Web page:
Publication Date: 18th March 2013
Book Source: Book win from Kate Forsyth :)
Synopsis: Dortchen Wild fell in love with Wilhelm Grimm the first time she saw him.
Growing up in the small German kingdom of Hessen-Cassel in early Nineteenth century, Dortchen Wild is irresistibly drawn to the boy next door, the young and handsome fairy tale scholar Wilhelm Grimm.
It is a time of War, tyranny and terror. Napoleon Bonaparte wants to conquer all of Europe, and Hessen-Cassel is one of the first kingdoms to fall. Forced to live under oppressive French rule, the Grimm brothers decide to save old tales that had once been told by the firesides of houses grand and small all over the land.
Dortchen knows many beautiful old stories, such as 'Hansel and Gretel', 'The Frog King' and 'Six Swans'. As she tells them to Wilhelm, their love blossoms. Yet the Grimm family is desperately poor, and Dortchen's father has other plans for his daughter. Marriage is an impossible dream.
Dortchen can only hope that happy endings are not just the stuff of fairy tales.
I'm kicking myself for waiting so long to read a novel by Australian author Kate Forsyth. I purchased Bitter Greens in 2012 after reading a number of glowing reviews but *shame face* it's still unread ... I won't be stupid twice ;)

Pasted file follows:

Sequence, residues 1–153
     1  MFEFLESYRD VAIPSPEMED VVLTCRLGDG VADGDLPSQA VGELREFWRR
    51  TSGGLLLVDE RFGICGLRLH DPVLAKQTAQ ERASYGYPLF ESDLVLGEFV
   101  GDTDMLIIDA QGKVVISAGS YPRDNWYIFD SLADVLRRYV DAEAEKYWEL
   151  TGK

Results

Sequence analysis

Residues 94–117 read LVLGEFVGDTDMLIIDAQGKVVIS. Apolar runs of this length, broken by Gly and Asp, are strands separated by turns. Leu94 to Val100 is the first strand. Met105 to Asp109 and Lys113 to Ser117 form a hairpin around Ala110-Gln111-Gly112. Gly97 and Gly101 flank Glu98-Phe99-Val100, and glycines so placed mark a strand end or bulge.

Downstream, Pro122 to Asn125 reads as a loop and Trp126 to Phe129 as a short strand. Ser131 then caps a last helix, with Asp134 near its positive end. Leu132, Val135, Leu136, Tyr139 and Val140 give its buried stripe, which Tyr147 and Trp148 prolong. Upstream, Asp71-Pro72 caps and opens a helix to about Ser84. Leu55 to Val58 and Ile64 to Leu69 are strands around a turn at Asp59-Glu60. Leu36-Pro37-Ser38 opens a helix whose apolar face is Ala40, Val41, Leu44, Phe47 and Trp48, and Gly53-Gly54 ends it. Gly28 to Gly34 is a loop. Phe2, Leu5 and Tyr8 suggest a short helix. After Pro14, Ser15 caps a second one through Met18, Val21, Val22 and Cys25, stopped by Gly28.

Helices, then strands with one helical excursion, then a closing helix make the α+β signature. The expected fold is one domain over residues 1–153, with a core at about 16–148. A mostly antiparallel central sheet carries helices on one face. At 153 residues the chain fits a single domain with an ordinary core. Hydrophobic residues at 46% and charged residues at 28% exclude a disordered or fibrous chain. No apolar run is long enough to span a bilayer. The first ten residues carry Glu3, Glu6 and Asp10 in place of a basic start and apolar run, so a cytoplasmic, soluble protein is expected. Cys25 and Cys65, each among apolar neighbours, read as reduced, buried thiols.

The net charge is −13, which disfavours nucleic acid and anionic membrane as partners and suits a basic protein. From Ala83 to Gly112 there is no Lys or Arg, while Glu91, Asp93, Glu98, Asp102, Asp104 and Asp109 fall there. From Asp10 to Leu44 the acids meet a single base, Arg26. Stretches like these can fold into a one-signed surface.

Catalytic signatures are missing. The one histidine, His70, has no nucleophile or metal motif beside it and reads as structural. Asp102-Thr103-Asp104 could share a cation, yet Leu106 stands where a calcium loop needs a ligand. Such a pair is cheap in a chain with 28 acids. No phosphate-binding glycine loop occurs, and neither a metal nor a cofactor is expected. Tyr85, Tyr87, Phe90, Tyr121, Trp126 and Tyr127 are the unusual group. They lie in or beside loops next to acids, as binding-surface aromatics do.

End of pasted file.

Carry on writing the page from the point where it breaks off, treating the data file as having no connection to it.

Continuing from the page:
The Wild Girl is an exquisite package, an epic tale of love, war and fairytales, impeccably researched, deftly layered and beautifully wrought. Kate, you hoped I'd be enchanted ... I truly was.
My copies of the Grimm Brothers fairytales from childhood are well loved and enjoyed still but I've never actually read anything about Jakob and Wilhelm Grimm nor Henriette Dorothea (Dortchen) Wild, the girl who lived next door to the Grimm family, so for me this was a uniquely special experience. Age old fairytales, some familiar, some not, are seamlessly blended with the narrative, contributing authenticity, poignancy and magic.
Haunting, breathtaking, evocative The Wild Girl has a dark beauty that left me speechless and in tears more than once, in turn entranced, outraged, horrified and saddened.
Kate Forsyth captures the complexities of the human spirit with raw sensitivity ... frailties, cruelties on one hand, courage, selflessness and goodness on the other. Dortchen's father gave me nightmares, whilst I loved the detailed apothecary descriptions I was secretly hoping Dortchen would use her vast herbal knowledge and give her father a much needed dose of something lethal ... and painful!
Dortchen Wild fell in love with Wilhelm Grimm the first time she saw him. She was only twelve years old, but love has never been something that can be constrained by age. It happened in the way of old tales, in an instant, changing everything forever. It was a fork in the path, the turn of a key, the kindling of a lantern.
Through the Napoleonic Wars, poverty, sickness, abuse, Dortchen's love for Wilhelm is steadfast, her spirit crushed over the years by the oppressive control of her father, hope and longing remain palpable.
... the end came all too soon but weeks later I sigh as I remember the beauty.
The Wild Girl is a gift of storytelling about storytelling, it deserves to enter the exalted realm of classics.
Recommend: An emphatic YES